Return to the Maples Forum | Post a Follow-Up

 o
Planted first tree, 4' diameter Autumn Blaze - tips please

Posted by susanblooms1 5, Milwaukee, WI (My Page) on
Wed, May 26, 10 at 13:07

We planted our first tree, an Autumn Blaze Maple, approx 18' tall with a 4" diameter trunk.

I thought when we bought such a big tree for planting, our chances of it surviving would be better because of it's size, but everything I'm reading on the web is making me paranoid that I should have planted a smaller tree.

This tree was expensive and its so beautiful I want to do everything I can to help it acclimate. It is in the full sun, in very sandy soil. The grower said to water 20 gallons, 3 times weekly. The tree was planted at the appropriate depth (we paid to have it planted because it was too big for us to handle) and is mulched well. It is also staked.

The grower also used Fertilome root stimulator when he watered right after planting and told us not to do any fertilizing for 3 years.

Is there anything else I need to do, not do, to help this tree acclimate and grow well?


Follow-Up Postings:

 o
RE: Planted first tree, 4' diameter Autumn Blaze - tips please

Skip the fertilizer/stimulator. Remove the stakes. Water only when needed. It's hard to overwater a silver maple but if you do they get real bad surface roots. Stick your fingers in the soil and check for moistness. That water estimate sounds about right if no rain.Make sure mulch is not touching the trunk.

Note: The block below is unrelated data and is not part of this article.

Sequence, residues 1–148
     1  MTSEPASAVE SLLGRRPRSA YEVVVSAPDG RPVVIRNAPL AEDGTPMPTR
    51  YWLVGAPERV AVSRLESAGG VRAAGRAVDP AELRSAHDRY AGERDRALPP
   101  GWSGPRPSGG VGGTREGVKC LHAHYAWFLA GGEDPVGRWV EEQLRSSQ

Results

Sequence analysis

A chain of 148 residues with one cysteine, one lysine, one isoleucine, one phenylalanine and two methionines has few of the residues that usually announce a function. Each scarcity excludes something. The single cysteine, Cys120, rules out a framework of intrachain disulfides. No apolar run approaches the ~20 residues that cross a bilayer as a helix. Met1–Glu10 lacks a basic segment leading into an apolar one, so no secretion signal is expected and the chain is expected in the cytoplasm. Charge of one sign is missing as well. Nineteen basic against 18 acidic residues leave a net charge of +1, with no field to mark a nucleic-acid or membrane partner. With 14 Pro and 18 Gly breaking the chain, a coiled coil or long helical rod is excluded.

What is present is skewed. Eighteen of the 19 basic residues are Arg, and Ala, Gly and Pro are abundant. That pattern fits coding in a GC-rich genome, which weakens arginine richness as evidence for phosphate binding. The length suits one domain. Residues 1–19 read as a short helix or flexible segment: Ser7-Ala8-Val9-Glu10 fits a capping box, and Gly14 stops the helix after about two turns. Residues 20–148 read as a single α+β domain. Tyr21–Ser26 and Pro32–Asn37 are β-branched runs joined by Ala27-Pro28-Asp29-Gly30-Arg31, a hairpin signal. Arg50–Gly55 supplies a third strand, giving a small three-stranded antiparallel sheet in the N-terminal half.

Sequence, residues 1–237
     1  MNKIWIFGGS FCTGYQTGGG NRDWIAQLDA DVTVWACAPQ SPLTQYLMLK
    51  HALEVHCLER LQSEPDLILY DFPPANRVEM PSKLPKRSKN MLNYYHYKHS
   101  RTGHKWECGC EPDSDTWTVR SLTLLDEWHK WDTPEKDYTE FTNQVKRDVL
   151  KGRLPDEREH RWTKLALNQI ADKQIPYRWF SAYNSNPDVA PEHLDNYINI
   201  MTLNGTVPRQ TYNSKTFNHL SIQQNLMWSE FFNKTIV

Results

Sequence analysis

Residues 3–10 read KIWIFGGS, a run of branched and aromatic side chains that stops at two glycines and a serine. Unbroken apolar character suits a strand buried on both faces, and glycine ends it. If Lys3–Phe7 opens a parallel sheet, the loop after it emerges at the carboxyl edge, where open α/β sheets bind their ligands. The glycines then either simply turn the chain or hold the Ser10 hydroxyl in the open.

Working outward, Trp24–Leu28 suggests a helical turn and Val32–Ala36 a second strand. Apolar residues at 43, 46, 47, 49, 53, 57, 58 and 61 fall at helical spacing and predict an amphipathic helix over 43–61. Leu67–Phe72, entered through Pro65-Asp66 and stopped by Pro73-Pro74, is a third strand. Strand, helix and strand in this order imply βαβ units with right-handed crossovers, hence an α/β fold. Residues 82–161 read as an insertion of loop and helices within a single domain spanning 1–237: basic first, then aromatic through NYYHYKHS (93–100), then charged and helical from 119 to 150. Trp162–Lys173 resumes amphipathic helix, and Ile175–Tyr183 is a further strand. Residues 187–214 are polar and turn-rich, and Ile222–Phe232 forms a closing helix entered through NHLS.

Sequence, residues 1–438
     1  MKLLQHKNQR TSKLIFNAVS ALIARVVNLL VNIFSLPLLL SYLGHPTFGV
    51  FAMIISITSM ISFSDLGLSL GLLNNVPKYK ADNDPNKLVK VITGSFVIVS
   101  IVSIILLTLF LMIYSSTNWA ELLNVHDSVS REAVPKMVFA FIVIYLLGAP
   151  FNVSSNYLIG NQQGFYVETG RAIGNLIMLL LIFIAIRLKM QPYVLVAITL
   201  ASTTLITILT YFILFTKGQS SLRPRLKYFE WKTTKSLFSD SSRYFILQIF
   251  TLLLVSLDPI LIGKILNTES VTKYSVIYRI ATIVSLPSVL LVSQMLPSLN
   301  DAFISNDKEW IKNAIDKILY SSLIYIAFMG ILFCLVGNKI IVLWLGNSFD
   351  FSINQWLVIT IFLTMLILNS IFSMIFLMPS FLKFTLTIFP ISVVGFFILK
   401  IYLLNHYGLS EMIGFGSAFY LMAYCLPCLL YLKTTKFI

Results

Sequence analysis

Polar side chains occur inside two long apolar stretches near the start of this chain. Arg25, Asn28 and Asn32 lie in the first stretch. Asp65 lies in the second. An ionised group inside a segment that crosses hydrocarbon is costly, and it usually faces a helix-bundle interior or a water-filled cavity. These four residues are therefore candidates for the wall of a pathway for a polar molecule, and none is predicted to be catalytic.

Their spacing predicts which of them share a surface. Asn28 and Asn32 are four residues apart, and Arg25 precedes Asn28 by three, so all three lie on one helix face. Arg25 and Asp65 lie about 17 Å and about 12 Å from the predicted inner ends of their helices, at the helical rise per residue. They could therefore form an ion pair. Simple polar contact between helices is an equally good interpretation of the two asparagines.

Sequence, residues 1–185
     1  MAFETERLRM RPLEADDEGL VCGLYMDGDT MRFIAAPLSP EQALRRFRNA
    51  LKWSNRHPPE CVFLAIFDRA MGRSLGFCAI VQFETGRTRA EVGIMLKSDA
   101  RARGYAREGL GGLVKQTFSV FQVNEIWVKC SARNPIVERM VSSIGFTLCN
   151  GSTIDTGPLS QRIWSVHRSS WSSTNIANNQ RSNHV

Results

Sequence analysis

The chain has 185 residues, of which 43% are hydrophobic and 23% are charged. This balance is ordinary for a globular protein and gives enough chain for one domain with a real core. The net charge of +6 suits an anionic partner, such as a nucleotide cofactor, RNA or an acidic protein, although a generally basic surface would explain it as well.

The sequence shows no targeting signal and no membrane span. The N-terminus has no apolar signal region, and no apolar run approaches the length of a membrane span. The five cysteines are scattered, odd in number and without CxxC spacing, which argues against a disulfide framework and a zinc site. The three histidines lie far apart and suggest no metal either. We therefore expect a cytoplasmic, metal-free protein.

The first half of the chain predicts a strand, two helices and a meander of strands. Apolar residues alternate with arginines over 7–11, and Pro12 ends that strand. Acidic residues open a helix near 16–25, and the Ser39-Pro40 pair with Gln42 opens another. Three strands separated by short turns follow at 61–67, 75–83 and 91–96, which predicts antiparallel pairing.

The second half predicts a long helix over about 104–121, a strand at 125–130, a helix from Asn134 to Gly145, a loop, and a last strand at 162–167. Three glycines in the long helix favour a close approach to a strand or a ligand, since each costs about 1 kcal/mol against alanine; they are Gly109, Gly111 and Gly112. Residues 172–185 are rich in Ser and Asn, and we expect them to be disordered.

o
RE: Planted first tree, 4' diameter Autumn Blaze - tips please

susan, That fella had to weigh a ton!

how big was the rootball? Was it wrapped in that protective burlap and did they cut most of that away after they put the tree in place?

I think one of the biggest challenges will be getting the water into the rootball to keep the tree alive at first, then encouraging the tree to grow roots out of the rootball. With my little transplants sometimes I water around them to encourage roots to grow out of their cozy hole.

Musical, are you saying remove any fertilizer spikes or any stakes for holding the tree in place? I'm concerned about how much leverage wind pressure 15 foot up will be able to place on the rootball with this big a transplant.


 o
RE: Planted first tree, 4' diameter Autumn Blaze - tips please

The root ball was probably 3' wide by at least 2' deep. The tree had been spaded in March and we didn't purchase and plant until 2 weeks ago and it looked healthy had budded and leafed out fine.

It was in a natural burlap ball and a wire cage. My biggest concern is that they didn't remove the burlap or wire. They did roll back the burlap from the top of the ball but said it would break down and the tree would send root through it until then.